Allergic manifestations of inborn errors of immunity and their impact on the diagnosis: A worldwide study

Zeinab A. El-Sayed, Dalia H. El-Ghoneimy, José A. Ortega-Martell, Nesrine Radwan, Juan C. Aldave, Waleed Al-Herz, Maryam A. Al-Nesf, Antonio Condino-Neto, Theresa Cole, Brian Eley, Nahla H.H. Erwa, Sara Espinosa-Padilla, Emilia Faria, Nelson A. Rosario Filho, Ramsay Fuleihan, Nermeen Galal, Elizabeth Garabedian, Mary Hintermeyer, Kohsuke Imai, Carla IraniEbtihal Kamal, Nadia Kechout, Adam Klocperk, Michael Levin, Tomas Milota, Monia Ouederni, Roberto Paganelli, Claudio Pignata, Farah N. Qamar, Isabella Quinti, Sonia Qureshi, Nita Radhakrishnan, Nima Rezaei, John Routes, Surjit Singh, Sangeetha Siniah, Intisar Abdel-Hakam Taha, Luciana K. Tanno, Ben Van Dort, Alla Volokha, Kathleen Sullivan

Research output: Contribution to journalArticlepeer-review

8 Citations (Scopus)

Abstract

Background: Allergies have long been observed in Inborn Errors of Immunity (IEI) and might even be the first presentation resulting in delayed diagnosis or misdiagnosis in some cases. However, data on the prevalence of allergic diseases among IEI patients are limited and contradictory. Objective: To provide a worldwide view of allergic diseases, across a broad spectrum of IEI, and their impact on the timely diagnosis of IEI. Methods: This is a worldwide study, conceived by the World Allergy Organization (WAO) Inborn Errors of Immunity Committee. A questionnaire was developed and pilot-tested and was sent via email to collect data from 61 immunology centers known to treat pediatric and/or adult IEI patients in 41 countries. In addition, a query was submitted to The United States Immunodeficiency Network (USIDNET) at its website. Results: Thirty centers in 23 countries caring for a total 8450 IEI patients responded. The USIDNET dataset included 2332 patients. Data from responders showed that a median (IQR) of 16.3% (10–28.8%) of patients experienced allergic diseases during the course of their IEI as follows: 3.6% (1.3–11.3%) had bronchial asthma, 3.6% (1.9–9.1%) atopic dermatitis, 3.0% (1.0–7.8%) allergic rhinitis, and 1.3% (0.5–3.3%) food allergy. As per the USIDNET data, the frequency of allergy among IEI patients was 68.8% (bronchial asthma in 46.9%). The percentage of IEI patients who presented initially with allergic disorders was 8% (5–25%) and diagnosis delay was reported in 7.5% (0.9–20.6%). Predominantly antibody deficiencies had the highest frequency of allergic disease followed by combined immunodeficiency with a frequency of 40.3% (19.2–62.5%) and 20.0% (10–32%) respectively. As per the data of centers, anaphylaxis occurred in 25/8450 patients (0.3%) whereas per USIDNET dataset, it occurred in 249/2332 (10.6%); drugs and food allergy were the main causes in both datasets. Conclusions: This multinational study brings to focus the relation between allergic diseases and IEI. Major allergies do occur in IEI patients but were less frequent than the general population. Initial presentation with allergy could adversely affect the timely diagnosis of IEI. There is a need for policies to raise awareness and educate primary care and other referring specialties on the association of allergic diseases with IEI. This study provides a network among centers for future prospective studies in the field.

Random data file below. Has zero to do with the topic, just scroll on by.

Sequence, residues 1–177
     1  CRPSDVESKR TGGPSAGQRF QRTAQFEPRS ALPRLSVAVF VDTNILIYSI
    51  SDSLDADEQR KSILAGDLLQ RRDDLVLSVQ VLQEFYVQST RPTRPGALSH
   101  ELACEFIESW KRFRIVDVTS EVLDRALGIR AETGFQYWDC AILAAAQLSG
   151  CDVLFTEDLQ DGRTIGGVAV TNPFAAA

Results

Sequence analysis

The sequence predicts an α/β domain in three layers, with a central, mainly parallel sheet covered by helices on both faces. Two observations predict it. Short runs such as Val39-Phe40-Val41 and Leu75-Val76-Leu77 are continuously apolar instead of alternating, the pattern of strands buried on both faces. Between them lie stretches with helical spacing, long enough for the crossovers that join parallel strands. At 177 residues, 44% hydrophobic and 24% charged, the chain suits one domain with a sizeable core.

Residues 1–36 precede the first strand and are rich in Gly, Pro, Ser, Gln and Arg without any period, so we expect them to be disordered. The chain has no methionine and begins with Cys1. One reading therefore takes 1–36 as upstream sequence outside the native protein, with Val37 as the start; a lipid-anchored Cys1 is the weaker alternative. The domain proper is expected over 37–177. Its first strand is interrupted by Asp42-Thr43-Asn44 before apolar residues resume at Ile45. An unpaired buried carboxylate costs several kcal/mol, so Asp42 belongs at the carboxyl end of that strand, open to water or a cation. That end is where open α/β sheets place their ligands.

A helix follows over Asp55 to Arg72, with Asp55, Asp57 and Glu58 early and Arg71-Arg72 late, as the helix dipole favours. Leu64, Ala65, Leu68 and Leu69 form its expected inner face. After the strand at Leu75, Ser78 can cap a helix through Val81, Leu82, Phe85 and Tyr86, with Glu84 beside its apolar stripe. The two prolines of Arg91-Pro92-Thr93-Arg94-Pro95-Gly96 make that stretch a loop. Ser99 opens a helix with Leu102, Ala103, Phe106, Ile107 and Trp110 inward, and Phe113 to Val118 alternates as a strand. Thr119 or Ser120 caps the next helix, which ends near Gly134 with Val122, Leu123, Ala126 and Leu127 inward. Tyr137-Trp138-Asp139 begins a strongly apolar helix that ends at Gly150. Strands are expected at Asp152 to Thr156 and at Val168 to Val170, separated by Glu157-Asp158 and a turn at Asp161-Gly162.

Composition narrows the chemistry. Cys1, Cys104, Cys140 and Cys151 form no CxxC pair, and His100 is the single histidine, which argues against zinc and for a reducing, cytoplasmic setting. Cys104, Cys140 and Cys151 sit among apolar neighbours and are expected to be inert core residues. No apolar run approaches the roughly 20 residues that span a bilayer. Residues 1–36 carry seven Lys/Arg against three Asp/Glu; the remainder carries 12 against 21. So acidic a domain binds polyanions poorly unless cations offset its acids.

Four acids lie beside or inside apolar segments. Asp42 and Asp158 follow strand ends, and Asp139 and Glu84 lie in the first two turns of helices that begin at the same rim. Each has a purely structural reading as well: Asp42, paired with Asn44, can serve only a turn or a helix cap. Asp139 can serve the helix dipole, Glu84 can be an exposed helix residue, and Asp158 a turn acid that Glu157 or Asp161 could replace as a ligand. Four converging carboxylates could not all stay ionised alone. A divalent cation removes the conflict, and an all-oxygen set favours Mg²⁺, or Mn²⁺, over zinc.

Original languageEnglish
Article number100657
JournalWorld Allergy Organization Journal
Volume15
Issue number6
DOIs
Publication statusPublished - Jun 2022

Keywords

  • Allergic rhinitis
  • Anaphylaxis
  • Asthma
  • Atopic dermatitis
  • IVIG
  • Omalizumab
  • Primary immunodeficiency

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